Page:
richardhuddy.jpg

The official statement from AMD follows:

AMD is proud to announce the return of the well-respected authority in gaming, Richard Huddy. After three years away from AMD, Richard returns as AMD's Gaming Scientist in the Office of the CTO - he'll be serving as a senior advisor to key technology executives, like Mark Papermaster, Raja Koduri and Joe Macri. AMD is extremely excited to have such an industry visionary back. Having spent his professional career with companies like NVIDIA, Intel and ATI, and having led the worldwide ISV engineering team for over six years at AMD, Mr. Huddy has a truly unique perspective on the PC and Gaming industries.

Mr. Huddy rejoins AMD after a brief stint at Intel, where he had a major impact on their graphics roadmap.  During his career Richard has made enormous contributions to the industry, including the development of DirectX and a wide range of visual effects technologies.  Mr. Huddy’s contributions in gaming have been so significant that he was immortalized as ‘The Scientist’ in Max Payne (if you’re a gamer, you’ll see the resemblance immediately). 

Kitguru has a video from Richard Huddy explaining his reasoning for the move back to AMD.

Source: Kitguru.net

This move points AMD in a very interesting direction going forward. The creation of the Mantle API and the debate around AMD's developer relations programs are going to be hot topics as we move into the summer and I am curious how quickly Huddy thinks he can have an impact.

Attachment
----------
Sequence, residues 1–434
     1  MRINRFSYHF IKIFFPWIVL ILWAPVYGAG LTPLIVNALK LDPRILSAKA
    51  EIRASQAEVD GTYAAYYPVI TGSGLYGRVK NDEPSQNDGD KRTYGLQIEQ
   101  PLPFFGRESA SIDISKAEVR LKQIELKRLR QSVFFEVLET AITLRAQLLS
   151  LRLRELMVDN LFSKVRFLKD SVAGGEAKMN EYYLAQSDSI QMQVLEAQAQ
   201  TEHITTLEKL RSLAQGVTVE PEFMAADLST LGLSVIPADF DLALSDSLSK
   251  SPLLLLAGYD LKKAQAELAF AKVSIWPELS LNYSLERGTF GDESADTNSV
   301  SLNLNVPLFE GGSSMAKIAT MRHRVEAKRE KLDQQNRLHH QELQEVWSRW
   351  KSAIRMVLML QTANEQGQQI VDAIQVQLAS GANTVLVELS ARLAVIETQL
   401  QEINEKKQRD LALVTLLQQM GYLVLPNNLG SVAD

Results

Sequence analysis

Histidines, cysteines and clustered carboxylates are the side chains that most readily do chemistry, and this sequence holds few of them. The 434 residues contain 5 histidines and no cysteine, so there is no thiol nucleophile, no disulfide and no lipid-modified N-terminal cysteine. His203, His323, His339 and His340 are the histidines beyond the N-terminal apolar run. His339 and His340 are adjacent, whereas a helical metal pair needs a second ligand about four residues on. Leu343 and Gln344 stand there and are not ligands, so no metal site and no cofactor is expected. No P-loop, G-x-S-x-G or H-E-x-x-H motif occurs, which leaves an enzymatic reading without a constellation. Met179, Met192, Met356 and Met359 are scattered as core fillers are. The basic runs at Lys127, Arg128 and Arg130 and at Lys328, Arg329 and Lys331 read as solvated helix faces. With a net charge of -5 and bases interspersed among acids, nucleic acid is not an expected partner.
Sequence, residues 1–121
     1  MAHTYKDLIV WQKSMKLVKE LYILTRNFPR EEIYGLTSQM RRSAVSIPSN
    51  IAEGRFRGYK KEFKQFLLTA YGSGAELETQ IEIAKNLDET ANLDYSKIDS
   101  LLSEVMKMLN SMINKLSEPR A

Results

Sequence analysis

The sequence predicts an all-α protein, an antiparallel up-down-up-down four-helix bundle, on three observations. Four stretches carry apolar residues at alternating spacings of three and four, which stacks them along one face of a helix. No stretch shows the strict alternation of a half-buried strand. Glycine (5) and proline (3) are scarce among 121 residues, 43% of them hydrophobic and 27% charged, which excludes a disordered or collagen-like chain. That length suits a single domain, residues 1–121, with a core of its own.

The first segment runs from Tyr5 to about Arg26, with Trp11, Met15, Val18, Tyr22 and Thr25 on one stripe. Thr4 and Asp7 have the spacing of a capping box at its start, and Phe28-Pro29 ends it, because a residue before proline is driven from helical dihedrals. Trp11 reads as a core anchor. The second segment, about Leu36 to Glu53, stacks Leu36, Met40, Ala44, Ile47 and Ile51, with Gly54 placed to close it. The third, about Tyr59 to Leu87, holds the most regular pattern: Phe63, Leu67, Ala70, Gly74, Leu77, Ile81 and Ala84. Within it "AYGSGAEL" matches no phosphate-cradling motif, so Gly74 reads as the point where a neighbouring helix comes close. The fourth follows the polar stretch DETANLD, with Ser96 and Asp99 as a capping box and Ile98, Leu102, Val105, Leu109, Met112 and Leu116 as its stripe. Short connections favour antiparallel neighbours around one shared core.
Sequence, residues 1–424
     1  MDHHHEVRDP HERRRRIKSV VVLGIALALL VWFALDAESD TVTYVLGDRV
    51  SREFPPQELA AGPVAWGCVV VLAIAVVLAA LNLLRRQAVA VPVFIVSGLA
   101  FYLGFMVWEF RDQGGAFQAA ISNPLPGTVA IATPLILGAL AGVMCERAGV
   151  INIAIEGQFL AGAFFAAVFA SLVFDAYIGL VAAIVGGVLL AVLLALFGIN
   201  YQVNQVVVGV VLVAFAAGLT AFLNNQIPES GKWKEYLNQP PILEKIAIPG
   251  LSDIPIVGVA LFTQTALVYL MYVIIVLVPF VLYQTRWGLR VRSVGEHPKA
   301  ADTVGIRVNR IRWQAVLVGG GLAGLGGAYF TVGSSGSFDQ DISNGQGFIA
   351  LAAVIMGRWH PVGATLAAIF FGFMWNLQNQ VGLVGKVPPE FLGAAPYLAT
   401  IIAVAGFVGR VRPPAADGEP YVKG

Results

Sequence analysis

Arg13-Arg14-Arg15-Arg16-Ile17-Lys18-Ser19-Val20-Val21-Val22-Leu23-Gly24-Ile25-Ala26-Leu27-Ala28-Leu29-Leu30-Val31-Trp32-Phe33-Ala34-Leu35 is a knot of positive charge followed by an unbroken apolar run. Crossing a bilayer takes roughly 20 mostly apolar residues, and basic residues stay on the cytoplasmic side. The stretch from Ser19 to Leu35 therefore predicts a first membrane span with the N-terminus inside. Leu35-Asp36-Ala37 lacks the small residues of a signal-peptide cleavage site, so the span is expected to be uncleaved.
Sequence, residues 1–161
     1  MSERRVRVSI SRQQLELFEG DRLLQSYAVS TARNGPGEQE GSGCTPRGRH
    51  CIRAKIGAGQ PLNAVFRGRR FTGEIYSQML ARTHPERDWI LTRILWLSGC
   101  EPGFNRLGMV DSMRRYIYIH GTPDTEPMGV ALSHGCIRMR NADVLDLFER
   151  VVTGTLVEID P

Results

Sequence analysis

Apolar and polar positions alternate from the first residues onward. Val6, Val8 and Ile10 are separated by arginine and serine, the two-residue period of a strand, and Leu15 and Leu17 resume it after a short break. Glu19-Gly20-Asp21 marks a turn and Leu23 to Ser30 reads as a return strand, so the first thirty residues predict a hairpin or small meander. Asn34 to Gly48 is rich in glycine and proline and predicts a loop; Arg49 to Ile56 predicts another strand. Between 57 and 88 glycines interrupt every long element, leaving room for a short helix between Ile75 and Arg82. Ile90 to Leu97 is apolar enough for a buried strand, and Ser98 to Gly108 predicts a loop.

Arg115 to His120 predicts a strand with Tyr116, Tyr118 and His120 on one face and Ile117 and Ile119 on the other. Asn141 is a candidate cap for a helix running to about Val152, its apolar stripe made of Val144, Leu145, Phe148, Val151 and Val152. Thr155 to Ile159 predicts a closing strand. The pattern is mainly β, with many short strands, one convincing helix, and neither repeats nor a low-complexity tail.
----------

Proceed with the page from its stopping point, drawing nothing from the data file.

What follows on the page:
I have it on good authority we will find out very soon.

Computex 2014: WD Shows SATA Express-based PCIe HDD

Subject: General Tech, Storage, Shows and Expos | June 3, 2014 - 03:37 AM |
Tagged: computex, computex 2014, WD, ssd, pcie, SATA Express, hdd

SATA Express is an interface to either connect a hard drive to PCIe lanes, or up to two drives via SATA. Obviously, PCIe bandwidth over a cable connection is the real draw. To use the full speed, however, the drive needs to be able to communicate over PCIe. Currently, the standard uses two PCI Express 2.0 lanes (1 GB/s).

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Now that Z97 and H97 have launched, WD is set to show off the technology at Computex. The above image is apparently of a dual-drive product, containing 4TB of rotating media and 128GB of SSD memory. I am immediately reminded of the Western Digital Black2 dual drive which Allyn reviewed last November. That product crammed a 120GB SSD into a 2.5" 1TB HDD, which appeared to the system as two separate drives. The drive has "Technology Demonstration" written in red font right on it, but it could be a good representation of what the company is thinking about.

WD also asserts that their prototype uses standard AHCI drivers, for OS compatibility.